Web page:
Commercially Sexually Exploited Youths’ Health Care Experiences, Barriers, And Recommendations: A Qualitative Analysis.
Ijadi-Maghsoodi, Roya. Bath, Eraka. Cook, Mekeila. Textor, Lauren. Barnert, Elizabeth.
Published: February 2018
Child Abuse and Neglect
Vol. 76 , p. 334-341
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The current study sought to understand commercially sexually exploited (CSE) youths’ health care experiences, barriers to care, and recommendations for improving health care services. We conducted focus groups (N = 5) with 18 CSE youth from February 2015 through May 2016 at two group homes serving CSE youth in Southern California. We performed thematic content analysis to identify emergent themes about CSE youths’ perspectives on health care. Youth described facilitators to care, including availability of services such as screening for sexually transmitted infections, knowledge about sexual health, and a strong motivation to stay healthy. Barriers included feeling judged, concerns about confidentiality, fear, perceived low quality of services, and self-reliance. Overall, youth emphasized self-reliance and “street smarts” for survival and de-emphasized “victimhood,” which shaped their interactions with health care, and recommended that health providers develop increased understanding of CSE youth. Our findings suggest that providers and community agencies can play an essential role in raising awareness of the needs of CSE youth and meet their health needs through creating a non-judgmental environment in health care settings that validates the experiences of these youth. (Author abstract)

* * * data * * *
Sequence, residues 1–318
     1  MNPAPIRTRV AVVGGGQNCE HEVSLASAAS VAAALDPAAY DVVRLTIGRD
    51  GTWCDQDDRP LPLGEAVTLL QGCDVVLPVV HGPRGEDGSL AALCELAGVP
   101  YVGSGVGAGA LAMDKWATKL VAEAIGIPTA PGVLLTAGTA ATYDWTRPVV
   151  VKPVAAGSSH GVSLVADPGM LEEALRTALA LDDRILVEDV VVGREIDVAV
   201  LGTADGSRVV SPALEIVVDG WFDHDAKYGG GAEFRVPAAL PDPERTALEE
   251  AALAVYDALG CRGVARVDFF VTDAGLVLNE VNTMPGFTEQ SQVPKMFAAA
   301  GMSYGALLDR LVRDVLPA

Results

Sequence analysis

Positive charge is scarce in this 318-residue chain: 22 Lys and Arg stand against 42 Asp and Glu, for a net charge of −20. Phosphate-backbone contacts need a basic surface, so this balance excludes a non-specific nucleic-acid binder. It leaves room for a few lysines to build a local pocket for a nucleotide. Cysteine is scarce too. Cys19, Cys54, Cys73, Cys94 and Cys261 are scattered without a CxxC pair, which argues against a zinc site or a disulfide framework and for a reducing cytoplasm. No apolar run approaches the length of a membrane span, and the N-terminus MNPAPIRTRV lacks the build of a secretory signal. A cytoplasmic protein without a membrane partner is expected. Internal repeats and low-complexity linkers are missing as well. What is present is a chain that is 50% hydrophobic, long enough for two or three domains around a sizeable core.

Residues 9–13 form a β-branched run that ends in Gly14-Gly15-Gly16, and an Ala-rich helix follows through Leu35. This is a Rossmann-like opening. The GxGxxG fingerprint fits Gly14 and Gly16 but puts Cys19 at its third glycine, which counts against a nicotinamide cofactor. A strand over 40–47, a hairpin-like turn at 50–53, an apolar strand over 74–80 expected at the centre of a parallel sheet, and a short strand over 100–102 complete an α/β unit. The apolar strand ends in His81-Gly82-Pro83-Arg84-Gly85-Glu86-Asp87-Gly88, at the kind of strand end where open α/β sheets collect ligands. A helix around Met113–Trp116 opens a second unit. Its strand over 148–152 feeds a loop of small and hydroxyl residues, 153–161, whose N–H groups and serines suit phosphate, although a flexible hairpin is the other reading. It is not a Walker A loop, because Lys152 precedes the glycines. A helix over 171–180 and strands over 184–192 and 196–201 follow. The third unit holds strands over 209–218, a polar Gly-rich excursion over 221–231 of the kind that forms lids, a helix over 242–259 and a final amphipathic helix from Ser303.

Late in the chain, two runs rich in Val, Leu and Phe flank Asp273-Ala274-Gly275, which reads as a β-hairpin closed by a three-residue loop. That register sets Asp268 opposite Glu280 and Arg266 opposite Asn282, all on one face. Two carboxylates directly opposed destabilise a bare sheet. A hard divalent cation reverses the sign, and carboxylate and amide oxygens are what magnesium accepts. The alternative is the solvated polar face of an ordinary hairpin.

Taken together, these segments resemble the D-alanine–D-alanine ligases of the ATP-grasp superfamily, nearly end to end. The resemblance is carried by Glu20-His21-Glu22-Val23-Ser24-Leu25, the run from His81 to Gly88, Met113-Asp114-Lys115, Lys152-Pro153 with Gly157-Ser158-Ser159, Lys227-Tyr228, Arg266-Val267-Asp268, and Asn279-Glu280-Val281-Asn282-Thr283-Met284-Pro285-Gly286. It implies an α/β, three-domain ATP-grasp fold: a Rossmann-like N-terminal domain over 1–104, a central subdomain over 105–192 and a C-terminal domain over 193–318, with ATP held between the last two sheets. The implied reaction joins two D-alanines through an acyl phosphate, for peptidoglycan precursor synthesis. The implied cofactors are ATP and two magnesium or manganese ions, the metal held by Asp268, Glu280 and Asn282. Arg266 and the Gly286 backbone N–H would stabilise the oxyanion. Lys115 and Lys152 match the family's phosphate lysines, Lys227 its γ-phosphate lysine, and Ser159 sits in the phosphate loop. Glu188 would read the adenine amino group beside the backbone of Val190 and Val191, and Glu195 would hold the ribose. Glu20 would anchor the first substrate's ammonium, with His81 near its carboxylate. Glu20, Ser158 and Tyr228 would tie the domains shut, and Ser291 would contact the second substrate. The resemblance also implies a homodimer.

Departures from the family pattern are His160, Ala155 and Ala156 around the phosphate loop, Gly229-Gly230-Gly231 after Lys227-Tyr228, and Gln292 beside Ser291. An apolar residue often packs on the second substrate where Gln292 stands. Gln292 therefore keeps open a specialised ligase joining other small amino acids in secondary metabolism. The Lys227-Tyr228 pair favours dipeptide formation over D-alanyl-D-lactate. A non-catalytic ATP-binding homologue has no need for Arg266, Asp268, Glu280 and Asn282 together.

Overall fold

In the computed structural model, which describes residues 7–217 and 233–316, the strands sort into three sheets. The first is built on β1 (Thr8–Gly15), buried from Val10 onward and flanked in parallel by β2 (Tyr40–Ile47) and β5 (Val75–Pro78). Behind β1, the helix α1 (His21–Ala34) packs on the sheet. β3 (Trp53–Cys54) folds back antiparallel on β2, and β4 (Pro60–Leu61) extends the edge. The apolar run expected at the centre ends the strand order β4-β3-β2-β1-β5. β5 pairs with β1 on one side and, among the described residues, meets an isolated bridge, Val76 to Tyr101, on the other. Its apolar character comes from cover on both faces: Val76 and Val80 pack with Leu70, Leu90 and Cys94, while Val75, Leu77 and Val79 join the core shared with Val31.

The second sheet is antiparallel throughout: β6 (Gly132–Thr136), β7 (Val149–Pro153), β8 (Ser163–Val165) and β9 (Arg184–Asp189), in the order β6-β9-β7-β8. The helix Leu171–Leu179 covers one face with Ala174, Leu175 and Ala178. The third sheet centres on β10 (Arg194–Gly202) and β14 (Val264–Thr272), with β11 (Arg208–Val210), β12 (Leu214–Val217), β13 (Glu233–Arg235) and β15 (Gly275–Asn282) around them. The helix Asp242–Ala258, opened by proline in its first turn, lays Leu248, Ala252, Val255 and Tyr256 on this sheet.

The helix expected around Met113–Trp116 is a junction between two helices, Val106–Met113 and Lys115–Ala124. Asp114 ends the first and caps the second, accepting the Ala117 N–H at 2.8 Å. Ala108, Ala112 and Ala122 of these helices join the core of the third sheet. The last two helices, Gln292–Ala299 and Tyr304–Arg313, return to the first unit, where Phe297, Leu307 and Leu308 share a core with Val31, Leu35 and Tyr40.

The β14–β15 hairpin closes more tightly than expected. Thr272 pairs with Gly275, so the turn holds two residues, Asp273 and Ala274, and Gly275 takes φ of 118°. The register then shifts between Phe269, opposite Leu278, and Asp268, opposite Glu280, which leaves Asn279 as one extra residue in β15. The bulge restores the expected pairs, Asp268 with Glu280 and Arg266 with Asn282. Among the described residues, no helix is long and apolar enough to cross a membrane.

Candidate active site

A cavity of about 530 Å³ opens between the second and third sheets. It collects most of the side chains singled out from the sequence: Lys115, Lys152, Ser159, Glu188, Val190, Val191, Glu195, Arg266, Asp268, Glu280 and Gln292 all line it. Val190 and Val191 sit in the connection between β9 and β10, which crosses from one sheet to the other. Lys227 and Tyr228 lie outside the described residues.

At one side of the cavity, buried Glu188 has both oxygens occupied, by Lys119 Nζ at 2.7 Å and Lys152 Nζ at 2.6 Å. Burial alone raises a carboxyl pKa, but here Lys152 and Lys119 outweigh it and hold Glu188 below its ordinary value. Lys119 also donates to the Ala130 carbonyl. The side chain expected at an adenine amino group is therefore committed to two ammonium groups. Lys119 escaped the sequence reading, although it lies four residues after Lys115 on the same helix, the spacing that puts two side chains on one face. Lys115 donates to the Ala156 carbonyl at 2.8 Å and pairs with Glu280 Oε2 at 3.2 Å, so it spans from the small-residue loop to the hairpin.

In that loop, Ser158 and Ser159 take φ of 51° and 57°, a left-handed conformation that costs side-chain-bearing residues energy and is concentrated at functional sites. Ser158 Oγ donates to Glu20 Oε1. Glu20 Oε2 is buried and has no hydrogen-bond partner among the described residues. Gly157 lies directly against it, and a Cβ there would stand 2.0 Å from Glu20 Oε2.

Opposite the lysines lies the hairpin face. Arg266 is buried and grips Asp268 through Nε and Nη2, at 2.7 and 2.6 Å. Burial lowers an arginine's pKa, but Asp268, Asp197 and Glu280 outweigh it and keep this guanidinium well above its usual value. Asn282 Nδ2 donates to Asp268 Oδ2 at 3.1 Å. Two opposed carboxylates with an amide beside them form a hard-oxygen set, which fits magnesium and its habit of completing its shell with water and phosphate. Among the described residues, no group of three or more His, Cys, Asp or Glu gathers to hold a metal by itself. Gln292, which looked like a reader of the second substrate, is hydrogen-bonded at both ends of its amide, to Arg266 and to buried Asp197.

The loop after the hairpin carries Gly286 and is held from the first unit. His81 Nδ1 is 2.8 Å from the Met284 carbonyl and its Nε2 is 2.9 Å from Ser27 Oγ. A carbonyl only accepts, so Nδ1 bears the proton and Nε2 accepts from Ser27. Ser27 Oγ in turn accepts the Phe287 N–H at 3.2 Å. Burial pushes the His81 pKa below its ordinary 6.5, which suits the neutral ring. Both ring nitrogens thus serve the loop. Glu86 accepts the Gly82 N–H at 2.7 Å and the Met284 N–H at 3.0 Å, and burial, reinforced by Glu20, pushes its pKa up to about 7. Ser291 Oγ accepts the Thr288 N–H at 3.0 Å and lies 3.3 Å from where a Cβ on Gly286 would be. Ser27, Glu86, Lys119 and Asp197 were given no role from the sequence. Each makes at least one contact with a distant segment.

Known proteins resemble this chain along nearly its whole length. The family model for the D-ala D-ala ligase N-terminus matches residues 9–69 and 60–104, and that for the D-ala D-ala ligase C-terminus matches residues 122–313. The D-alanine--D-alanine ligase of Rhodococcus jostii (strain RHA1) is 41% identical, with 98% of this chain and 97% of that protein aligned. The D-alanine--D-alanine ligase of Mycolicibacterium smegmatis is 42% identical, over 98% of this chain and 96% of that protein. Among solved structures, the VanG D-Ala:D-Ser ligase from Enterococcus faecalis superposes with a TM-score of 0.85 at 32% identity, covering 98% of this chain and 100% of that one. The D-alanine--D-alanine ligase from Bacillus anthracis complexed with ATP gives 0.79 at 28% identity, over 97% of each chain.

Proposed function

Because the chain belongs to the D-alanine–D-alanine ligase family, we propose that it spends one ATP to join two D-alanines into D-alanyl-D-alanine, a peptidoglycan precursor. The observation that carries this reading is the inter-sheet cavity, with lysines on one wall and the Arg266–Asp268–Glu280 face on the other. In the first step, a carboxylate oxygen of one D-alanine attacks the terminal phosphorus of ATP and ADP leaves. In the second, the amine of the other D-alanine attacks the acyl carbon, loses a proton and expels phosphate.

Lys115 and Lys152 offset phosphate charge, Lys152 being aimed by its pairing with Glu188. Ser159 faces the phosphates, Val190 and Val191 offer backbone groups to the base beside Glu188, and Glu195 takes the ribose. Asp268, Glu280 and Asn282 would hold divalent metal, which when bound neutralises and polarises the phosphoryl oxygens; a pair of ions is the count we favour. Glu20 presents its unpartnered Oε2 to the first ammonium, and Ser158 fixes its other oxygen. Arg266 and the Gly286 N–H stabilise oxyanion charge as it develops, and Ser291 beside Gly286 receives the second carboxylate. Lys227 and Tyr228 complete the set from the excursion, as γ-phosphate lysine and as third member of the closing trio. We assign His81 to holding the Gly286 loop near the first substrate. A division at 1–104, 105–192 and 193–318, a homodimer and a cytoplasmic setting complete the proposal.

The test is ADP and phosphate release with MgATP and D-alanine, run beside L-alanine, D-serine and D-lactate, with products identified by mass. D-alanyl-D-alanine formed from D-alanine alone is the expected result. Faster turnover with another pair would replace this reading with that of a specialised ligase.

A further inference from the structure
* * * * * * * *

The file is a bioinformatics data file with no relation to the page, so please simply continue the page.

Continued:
SEXUAL EXPLOITATION; CHILD PROSTITUTION; HEALTH SERVICES; BARRIERS; FOSTER ADOLESCENTS; GROUP HOMES; SCREENING; Venereal diseases; SEX EDUCATION; FEAR